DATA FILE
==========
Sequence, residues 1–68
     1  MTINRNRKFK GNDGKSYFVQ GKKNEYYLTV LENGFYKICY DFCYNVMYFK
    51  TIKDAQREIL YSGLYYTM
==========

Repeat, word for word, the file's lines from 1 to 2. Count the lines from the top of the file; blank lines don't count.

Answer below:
Sequence, residues 1–68
     1  MTINRNRKFK GNDGKSYFVQ GKKNEYYLTV LENGFYKICY DFCYNVMYFK